As you know you can earn some extra money by completing surveys .
Up to a few hundred US dollars a month if you use several of the top 10 best paid survey sites !
And you may have been doing a good job with that, but well… do you actually have to pay tax on this? And if so how much and how?
We will answer those questions for you.
Yes. That is the short and perhaps somewhat disappointing answer. In the Netherlands, you always have to pay tax on your income from all types of 'work'. Whether this is salaried employment such as your daytime job, a side job or money that you receive via the internet. As soon as you get paid for a product, service or action, it counts. Even tips if you work in the hospitality industry, for example.
It is also important that this concerns income from activities, including those via the Internet as designated by the Tax Authorities. There are also ways of “making money” that are not covered, more on that later.
In any case, completing surveys against payment falls under that heading, just like other ways that you will find on our site. All 6 reliable methods we recommend are even covered, isn't it? But keep in mind that for the tax you pay you also get a lot back in the Netherlands in social insurance and provisions! Care, education, infrastructure and so on.
Okay, so we all have to pay tax on our online income, but how much do you spend on that? We cannot really give the answer to this question very concretely because it also depends on your other wages / salary or other types of income.
The easiest thing to explain is that you simply have to add up all of your income for the income tax. If you earn money with surveys by participating in surveys in addition to a paid job, then you add those earnings to it. Subsequently, a certain rate is charged via the tax brackets.
Because we then calculate that the income from surveys is the extra bit at the top, it means that you pay the highest rate that your income ends up in. Say this normally falls to 40% or 50% (rounded) . That sounds like a lot, but it is still worth it!
NB: even if you have your rewards paid out in gifts or coupons (or via PayPal), you should state this on your tax return. You just have to add up the value of the gifts or coupons. If no real value is given, you have to estimate it realistically. This is called earnings in kind.
The latter also applies to the site where you can 'shop' with your earned points. With some websites you can not only exchange gifts for your points but even spend them at external webshops such as Bol.com
When you start your annual tax return, you will now see all of this pre-filled in. That makes a difference. First you still need to check your income from employment. Then you will be asked about income from home, benefits and pensions. Finally, income from other activities is asked.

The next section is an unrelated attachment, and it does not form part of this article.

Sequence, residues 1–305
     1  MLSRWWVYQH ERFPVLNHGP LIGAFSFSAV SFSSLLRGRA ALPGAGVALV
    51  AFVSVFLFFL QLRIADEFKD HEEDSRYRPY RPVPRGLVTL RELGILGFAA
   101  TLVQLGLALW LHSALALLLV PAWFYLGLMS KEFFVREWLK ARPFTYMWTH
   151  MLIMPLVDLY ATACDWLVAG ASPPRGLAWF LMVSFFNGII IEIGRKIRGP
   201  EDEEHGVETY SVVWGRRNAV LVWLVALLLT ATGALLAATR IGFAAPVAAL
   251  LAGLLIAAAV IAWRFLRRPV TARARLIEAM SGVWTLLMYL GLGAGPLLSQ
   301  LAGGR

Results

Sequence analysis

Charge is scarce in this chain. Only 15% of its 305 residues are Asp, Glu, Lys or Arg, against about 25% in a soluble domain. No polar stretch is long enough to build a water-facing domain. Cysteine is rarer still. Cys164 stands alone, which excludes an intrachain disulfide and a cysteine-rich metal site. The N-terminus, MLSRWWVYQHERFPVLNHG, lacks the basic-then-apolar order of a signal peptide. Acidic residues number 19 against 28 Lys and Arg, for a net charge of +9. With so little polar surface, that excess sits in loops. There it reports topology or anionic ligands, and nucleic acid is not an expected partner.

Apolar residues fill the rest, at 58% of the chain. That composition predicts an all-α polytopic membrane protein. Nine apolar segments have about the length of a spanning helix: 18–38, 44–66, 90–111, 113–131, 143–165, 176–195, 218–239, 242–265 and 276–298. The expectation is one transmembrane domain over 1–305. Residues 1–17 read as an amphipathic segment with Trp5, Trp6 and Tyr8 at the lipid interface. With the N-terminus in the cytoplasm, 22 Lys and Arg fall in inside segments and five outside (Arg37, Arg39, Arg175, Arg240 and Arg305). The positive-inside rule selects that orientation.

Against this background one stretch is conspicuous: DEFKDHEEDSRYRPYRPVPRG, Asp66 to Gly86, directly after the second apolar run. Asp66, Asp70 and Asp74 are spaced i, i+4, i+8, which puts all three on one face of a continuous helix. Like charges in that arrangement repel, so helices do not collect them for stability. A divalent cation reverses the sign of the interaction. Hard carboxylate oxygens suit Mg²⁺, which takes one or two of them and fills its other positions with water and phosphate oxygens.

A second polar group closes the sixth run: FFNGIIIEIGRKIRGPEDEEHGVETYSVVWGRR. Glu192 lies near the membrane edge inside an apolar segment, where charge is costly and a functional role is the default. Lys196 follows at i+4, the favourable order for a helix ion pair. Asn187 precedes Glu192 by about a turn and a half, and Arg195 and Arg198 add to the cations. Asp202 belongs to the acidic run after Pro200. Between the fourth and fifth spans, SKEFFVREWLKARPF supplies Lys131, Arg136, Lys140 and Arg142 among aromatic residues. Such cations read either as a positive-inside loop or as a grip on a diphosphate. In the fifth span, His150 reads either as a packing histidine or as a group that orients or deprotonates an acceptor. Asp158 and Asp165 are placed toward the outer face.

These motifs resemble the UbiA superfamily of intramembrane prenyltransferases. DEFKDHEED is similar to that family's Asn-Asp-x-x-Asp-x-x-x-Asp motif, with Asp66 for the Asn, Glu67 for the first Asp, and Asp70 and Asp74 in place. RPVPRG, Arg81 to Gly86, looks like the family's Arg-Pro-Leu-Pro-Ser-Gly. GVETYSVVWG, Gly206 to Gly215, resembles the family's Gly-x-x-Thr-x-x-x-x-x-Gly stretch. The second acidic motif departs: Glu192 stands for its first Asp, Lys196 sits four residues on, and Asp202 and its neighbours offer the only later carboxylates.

In addition, you must state your rewards paid for the surveys that you have completed throughout the year. Pay attention! Only what has actually been paid out , then, does it officially count as income.
You will also be asked whether you have incurred costs for carrying out these activities. You can deduct this from your income, so that you pay less tax . This may sound strange, but it is certainly not!
After all, completing surveys also costs you internet and electricity… so it is best to state something for that as costs. That simply saves you some money. Not all your electricity, your entire internet subscription or your entire mobile data bundle, of course, but a small part is only logical. The Tax and Customs Administration is not going to be difficult about that.
You could even argue that you bought a new laptop to do better research. And so include those costs as a deductible item. You will really care about that, but you shouldn't do this too often because that is of course a bit weird.
All ways of making money online therefore fall under income, and you have to pay tax for it. But there is an exception and we do not mean that you should simply withhold your income (undeclared work): investing is not seen by the government as an income.
This is because technically it is not a way of making money, because you do not deliver something in exchange for a sum of money. So you do not perform any work (activities).
This means that profit from investing does not cost you income tax. It is still subject to the wealth tax, but that applies to all your assets and savings!